Am I the only one who still completely ignores DLC across the board?
Ditto! Same for everything else beside games like hardwares.
 
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Ant @ The Ant Farm: http://antfarm.ma.cx and Ant's Quality Foraged Links: http://aqfl.net ...
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32. Re: Op Ed Nov 8, 2011, 20:29 Prez
 
For me it's not a charity aspect, the only motivation is a selfish one: I want more games that I will like. If I really like a game I'll buy it at full price as a vote for more.

Exactly. I'm especially prone to buying the indie games that excite me at full price and buying the DLC because they are the ones who need every extra penny to stay afloat and go on to make even bigger better games that will excite me even more. I gobble up every bit of DLC for Sanctum, AI WAR, Gratuitous Space Battles, and Orcs Must Die as they are released for example. I do it for games from bigger, more established studios that I can't get enough of and can't wait for GoTY editions as well as in the case of the Total War series (Shogun ROCKS!!), Fallout 3 & New Vegas, Borderlands, and Mass Effect 2, to name a few.
 
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“The greatness of a nation and its moral progress can be judged by the way its animals are treated.”
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31. Re: Op Ed Nov 8, 2011, 20:20 Sepharo
 
wrlwnd wrote on Nov 8, 2011, 16:20:
I didn't realize game developers were charity cases. I buy games based on entertainment value, not on charity.

For me it's not a charity aspect, the only motivation is a selfish one: I want more games that I will like. If I really like a game I'll buy it at full price as a vote for more.

That's also the reason I won't be buying Skyrim on launch like I did with Oblivion, fuck that still pisses me off. If it's more of the boring and scaling again I'm not voting for more.
 
Avatar 17249
 
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30. Re: Op Ed Nov 8, 2011, 19:13 MisterBenn
 
As a rule I don't do day 1 purchasing any more. I did until the early 00's but nowadays I find that standards have droppped... reviews always had an overlap with marketing but it's terrible these days. Also digital distribution and ease of patching mean that more games are less finished upon release nowadays so it makes sense to wait.

More reasons to wait: Steam sales, mods and patches, also on average you will have better hardware to run the game in question a year later.

Anyhow, despite all those things I preordered Skyrim already. I can justify the early cash as an exception for the Elder Scrolls as it's my favourite gaming series. I'm realistic too about the state the game will be in and I don't believe it heavily gets in the way of what makes the series good. With Oblivion I rebuilt a new modded installation every 18 months or so with the best stuff around, I am happy to start that process early with Skyrim!

This trailer was probably my favourite so far - more substance than just dragon slaying and it piqued my curiosity about what they've put into the world...

Edit: I keep being told the URL is too long and can't post it - it's Rock Paper Shotgun's "A new Skyrim trailer to pass the time" from yesterday. Don't think it's linked here on Blues yet.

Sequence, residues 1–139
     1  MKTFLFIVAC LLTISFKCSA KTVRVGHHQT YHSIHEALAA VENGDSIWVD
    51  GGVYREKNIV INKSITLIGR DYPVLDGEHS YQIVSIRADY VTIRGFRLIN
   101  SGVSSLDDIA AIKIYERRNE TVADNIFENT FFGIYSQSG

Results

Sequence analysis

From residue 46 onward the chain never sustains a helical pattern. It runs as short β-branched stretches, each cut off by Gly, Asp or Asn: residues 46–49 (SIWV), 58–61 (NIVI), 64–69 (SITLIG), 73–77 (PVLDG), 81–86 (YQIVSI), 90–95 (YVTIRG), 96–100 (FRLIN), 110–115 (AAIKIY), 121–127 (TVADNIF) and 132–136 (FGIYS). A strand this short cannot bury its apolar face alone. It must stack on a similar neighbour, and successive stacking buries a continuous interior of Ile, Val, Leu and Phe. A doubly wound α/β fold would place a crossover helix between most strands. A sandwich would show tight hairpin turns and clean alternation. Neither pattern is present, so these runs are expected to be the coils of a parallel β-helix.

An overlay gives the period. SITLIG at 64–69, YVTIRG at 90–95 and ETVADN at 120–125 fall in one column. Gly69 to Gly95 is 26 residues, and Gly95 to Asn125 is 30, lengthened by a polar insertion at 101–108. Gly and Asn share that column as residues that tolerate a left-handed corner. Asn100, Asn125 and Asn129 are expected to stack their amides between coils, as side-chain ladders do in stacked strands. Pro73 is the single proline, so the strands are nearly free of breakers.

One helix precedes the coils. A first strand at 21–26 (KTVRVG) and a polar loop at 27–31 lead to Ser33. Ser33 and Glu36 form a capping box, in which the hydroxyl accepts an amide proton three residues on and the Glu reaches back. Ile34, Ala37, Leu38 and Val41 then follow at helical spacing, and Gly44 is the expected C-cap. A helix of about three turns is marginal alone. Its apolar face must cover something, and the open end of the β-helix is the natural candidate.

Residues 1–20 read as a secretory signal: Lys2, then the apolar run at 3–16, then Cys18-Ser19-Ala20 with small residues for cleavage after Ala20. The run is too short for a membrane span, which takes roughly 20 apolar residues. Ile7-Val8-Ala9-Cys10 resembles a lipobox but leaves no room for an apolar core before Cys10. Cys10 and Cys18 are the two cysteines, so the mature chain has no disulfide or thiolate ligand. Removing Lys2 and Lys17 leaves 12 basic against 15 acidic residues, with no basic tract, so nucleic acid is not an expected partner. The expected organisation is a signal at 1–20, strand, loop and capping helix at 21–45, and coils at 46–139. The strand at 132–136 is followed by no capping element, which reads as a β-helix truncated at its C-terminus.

This comment was edited on Nov 8, 2011, 19:19.
 
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Playing: Path of Exile, Pandora: First Contact
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29. Re: Op Ed Nov 8, 2011, 19:06 Veterator
 
Im about 2 years behind on average. It's a mixture of lack of funds, computer upgrades needed, disappoint from past launch purchases, reviews being worthless until 3 months after the launch of most games, generally just not being as forgiving as I used to be for problems and my friends giving up games entirely or moving away from PC.

Lack of funds - applies to both cost of upgrades needed and the cost of games on launch. If I can wait even 6 months and get 3 times the games for the same cash, I'm going to do that.

Past launch purchases - I loved the battlefield series, but with each iteration I didn't play them as long as the one prior. Bought BFBC2 a year after launch and I was not happy with the game..think I played it about a week. So BF3 is getting the skip for at least a year, and maybe forever if they won't come off the Origin thing. MMOs, I am a big fan of the MMO idea but anymore most of them are disappointing copies of prior gameplay. You can't get legitimate reviews on an MMO for at LEAST 3 months.

Intolerance - If a developer keeps repeating problems over and over in their games.....I'd have to be an idiot to pay their launch price when I can wait and I won't have to deal with the headaches AND get the game at half price. And in a years time their game is almost never mentioned anymore? You know it sucked for whatever reason and shouldn't waste your time tracking it anymore.


Waiting has a whole lot of benefits, one of them being that you just simply forget the game existed in the first place and never waste the money on it. Usually it's forgotten because it sucked, and 3-4 years down the road when it's 5 bucks on Steam or free with another game...you can find out how much it sucked.